The 7 Guiding Principles of ITIL 4 are the key messages of ITIL. They are designed to guide decisions and actions so the people who are responsible for managing and operating the organization’s service portfolio can benefit from these high-level best practices.
These principles aren’t new. They’re influenced by ideas born in disciplines outside of service management (such as manufacturing and software development) but have now been proven in the service management context.
Today we look at Keep it simple and practical:
Keep it simple and practical
Like focus on value, this principle is heavily focused on the prevention of waste. Waste correlates with complexity. Higher complexity means there are more opportunities for waste to creep into a system--and it requires more work to find an eliminate waste.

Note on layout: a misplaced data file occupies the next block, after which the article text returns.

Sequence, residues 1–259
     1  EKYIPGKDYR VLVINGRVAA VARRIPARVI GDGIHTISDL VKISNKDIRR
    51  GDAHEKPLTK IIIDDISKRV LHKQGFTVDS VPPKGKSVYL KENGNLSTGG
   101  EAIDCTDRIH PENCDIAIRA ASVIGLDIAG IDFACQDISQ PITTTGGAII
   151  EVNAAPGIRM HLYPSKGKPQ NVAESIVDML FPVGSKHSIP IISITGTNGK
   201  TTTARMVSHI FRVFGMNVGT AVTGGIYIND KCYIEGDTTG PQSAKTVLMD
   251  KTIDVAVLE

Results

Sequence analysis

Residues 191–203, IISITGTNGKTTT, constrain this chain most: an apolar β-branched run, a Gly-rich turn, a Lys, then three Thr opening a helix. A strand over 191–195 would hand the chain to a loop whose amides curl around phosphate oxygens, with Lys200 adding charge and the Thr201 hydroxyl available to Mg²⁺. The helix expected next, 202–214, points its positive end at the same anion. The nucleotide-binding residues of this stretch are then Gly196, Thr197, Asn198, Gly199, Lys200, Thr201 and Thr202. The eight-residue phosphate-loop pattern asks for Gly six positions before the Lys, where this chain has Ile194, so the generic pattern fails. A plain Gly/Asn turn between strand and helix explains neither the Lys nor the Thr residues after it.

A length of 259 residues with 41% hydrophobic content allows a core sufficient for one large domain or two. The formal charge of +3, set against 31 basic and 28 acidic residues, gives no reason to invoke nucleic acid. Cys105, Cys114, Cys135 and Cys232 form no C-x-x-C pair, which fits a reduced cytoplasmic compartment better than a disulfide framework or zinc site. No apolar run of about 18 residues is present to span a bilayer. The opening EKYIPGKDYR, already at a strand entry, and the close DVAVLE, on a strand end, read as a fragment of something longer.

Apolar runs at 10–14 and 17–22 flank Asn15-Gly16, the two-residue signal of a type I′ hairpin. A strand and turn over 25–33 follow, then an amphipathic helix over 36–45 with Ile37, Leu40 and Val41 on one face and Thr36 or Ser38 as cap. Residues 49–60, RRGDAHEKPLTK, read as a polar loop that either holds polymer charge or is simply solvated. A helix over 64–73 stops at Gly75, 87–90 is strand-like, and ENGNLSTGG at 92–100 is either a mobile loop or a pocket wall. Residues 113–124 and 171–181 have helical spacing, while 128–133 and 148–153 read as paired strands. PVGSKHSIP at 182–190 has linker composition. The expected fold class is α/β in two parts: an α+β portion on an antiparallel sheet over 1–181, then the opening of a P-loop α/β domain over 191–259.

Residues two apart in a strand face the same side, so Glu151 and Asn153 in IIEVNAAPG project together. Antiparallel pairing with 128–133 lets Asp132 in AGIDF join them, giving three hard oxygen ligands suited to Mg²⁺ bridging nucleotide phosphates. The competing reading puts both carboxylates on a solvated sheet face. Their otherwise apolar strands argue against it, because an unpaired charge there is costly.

Focus on delivering the desired outcome, not building the most elegant and elaborate solution. Use the minimum number of steps to deliver that outcome, ensuring you are not over-processing (delivering quality above and beyond what is required).
Apply the Pareto Principle (the 80:20 rule) to service mainstream demand without trying to solve for every possible exception. A simple process will be able to handle 80% of variation. Adding decisions and actions to support non-mainstream demands (the outliers) will only complicate the process and slow it down for the 80%. It’s better to apply general exception handling e.g. mainstream demand is handled by a simple, standardized process (possibly automated)—and the less frequent outliers are handled on a case-by-case basis.